Grocery stores in snow storms: boom, bust, or break-even? - WSFX - FOX Wilmington, NC

Grocery stores in snow storms: boom, bust, or break-even?

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RICHMOND, VA (WWBT) -

When it snows, customers can be seen cleaning out grocery store shelves of milk and bread. You might think snow means a business boom for grocery stores, but snow storms can actually cool off those profits.

When meteorologists say snow will hit the ground, people hit the grocery stores, buying staples like milk and bread like they're about to starve.

"Business just booms before the snow storm hits. There's no question about that," said Donnie Caffrey, owner of Good Foods Grocery.

But costs can take the bang out of that boom. Before the storm, stores often have to pay extra staff hours to load up the shelves.

"They start to pre-load us with the milk and things like that," explained Martin's Regional Vice-President Jim Scanlon.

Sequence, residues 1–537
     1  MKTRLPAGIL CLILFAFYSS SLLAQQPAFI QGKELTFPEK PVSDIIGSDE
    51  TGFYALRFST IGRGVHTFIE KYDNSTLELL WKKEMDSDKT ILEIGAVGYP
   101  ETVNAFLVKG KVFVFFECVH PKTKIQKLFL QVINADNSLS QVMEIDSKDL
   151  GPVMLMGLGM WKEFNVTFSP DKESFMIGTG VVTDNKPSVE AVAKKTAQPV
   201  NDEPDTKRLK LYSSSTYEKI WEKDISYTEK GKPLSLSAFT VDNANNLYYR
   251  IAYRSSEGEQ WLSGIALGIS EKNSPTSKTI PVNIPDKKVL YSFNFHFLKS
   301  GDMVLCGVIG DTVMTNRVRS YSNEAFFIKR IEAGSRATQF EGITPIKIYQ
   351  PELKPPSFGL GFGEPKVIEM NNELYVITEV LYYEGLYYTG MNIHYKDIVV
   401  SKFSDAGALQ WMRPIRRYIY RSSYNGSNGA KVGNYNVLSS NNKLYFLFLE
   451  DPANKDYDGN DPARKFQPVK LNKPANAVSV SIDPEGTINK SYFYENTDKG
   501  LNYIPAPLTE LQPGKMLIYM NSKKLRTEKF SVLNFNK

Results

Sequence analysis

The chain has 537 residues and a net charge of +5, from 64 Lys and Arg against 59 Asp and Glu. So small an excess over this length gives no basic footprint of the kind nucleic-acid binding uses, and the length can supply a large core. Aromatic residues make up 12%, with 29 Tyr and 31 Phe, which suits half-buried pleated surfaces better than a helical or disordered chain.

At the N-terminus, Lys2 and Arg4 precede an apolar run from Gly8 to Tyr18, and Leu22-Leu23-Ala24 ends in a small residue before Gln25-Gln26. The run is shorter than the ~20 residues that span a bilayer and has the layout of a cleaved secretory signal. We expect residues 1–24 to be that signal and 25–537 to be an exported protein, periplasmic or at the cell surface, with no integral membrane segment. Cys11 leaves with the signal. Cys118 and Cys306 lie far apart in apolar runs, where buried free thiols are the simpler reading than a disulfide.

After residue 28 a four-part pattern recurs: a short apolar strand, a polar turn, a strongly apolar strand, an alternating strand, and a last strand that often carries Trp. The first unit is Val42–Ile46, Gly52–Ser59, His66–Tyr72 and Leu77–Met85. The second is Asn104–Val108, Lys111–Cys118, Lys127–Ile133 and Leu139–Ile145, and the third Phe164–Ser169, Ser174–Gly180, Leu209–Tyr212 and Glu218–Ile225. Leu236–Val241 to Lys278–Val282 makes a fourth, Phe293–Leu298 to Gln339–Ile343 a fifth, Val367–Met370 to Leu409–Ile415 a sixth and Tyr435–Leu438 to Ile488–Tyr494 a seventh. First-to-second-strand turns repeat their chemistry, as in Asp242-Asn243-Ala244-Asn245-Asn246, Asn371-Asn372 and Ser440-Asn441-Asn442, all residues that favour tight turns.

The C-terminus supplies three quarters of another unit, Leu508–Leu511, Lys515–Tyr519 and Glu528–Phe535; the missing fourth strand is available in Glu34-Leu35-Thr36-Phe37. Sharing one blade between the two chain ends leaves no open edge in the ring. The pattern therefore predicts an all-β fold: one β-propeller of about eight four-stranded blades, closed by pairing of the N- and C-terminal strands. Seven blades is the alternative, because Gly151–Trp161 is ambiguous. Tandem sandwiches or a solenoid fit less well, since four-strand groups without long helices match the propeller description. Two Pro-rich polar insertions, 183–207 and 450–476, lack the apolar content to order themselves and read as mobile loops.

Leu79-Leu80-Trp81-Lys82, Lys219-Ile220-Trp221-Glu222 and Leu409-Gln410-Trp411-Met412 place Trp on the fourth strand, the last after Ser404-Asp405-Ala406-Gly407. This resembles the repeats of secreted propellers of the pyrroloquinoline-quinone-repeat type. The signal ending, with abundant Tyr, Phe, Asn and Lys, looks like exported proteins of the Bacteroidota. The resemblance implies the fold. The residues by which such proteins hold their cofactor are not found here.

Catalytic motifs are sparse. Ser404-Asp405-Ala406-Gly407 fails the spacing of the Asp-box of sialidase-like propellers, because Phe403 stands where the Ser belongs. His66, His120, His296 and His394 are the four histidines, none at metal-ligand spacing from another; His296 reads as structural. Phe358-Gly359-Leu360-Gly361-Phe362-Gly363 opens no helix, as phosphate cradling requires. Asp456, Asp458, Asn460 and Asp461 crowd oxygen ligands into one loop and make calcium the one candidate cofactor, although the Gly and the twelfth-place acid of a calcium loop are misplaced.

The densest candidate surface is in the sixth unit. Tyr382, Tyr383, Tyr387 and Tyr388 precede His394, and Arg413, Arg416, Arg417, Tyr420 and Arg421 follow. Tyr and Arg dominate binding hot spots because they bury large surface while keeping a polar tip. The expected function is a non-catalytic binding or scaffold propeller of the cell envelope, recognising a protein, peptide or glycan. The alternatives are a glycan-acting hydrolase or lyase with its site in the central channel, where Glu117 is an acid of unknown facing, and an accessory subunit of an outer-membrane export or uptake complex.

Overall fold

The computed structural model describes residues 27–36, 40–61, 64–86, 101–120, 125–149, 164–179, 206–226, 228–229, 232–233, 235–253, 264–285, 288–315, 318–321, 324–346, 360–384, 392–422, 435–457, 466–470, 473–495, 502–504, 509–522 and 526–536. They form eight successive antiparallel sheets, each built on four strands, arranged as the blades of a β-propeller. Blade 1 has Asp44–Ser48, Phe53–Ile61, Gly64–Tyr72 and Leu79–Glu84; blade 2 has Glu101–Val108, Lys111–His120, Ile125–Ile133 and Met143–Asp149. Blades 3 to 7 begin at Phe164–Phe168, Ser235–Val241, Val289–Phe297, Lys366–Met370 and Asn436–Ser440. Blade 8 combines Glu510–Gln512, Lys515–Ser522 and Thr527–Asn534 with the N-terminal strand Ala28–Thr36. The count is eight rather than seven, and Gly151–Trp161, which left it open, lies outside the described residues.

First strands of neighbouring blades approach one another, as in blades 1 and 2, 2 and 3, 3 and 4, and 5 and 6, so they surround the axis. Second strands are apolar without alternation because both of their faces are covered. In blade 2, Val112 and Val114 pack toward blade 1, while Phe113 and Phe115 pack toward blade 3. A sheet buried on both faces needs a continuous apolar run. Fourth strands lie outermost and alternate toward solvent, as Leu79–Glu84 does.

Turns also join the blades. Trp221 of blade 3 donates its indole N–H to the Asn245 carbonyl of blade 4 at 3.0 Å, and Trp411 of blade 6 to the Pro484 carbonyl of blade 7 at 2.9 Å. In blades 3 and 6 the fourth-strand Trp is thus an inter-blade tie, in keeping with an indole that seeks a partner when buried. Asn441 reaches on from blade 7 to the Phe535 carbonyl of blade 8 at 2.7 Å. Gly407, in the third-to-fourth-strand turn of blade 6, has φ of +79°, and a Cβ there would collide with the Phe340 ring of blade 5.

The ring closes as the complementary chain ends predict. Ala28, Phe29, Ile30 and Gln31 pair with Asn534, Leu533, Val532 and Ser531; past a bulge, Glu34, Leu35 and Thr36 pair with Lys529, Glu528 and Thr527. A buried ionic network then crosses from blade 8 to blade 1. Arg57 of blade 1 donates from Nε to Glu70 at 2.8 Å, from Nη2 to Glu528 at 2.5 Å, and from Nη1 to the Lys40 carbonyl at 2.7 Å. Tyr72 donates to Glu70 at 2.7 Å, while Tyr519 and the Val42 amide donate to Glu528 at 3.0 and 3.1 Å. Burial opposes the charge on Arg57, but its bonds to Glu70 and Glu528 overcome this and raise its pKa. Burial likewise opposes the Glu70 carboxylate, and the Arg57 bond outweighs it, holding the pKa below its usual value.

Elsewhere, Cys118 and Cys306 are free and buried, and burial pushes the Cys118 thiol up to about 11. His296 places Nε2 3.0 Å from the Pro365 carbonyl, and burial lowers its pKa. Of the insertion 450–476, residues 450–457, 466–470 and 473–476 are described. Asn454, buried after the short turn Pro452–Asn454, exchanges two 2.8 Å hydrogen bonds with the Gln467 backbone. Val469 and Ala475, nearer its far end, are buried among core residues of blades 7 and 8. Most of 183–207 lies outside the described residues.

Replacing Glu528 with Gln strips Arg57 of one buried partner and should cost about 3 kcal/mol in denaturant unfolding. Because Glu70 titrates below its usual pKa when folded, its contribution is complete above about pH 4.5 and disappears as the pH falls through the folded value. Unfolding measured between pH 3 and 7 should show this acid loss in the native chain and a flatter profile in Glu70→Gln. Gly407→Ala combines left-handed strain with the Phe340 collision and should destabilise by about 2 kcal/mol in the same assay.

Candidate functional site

If the power goes out, stores have to scramble, making sure doors are closed on freezers and refrigerators, and pulling plastic covers over open coolers, to keep the cold air in. That's because back-up generators usually power the lights, not the refrigerators.

"We push everything back that's refrigerated," said Scanlon. "If we think it's going to be an extended period of time, we typically have dry ice on hand."

Dry ice, extra labor, the costs add up.

"You have refrigerated trailers on site. That's an additional diesel cost," added Scanlon.

If dairy products or meats get too warm, they have to be tossed.

"You have to go throw it in the dumpster. You have to record it for your insurance purposes. It's a mess, an absolute mess," said Caffrey.

Surprisingly, they say delivery trucks usually make it if the roads are passable.

"We may have late deliveries, but typically we do not have no deliveries," said Scanlon.

Scanlon says Martin's stores stay open during storms, but smaller stores may close. That's a lost day. It takes another day or two for customers to come back when the roads are clear.

"If snow hits on a Wednesday, you're pretty much down on Thursday, Friday and Saturday," said Caffrey.

The bottom line? They say the boom minus the costs makes it a wash.

"You had a lot of business up front. You lost some, came back slower. It ends up being a fairly normal week, thank goodness," said Caffrey.

Then they get ready for the next storm.

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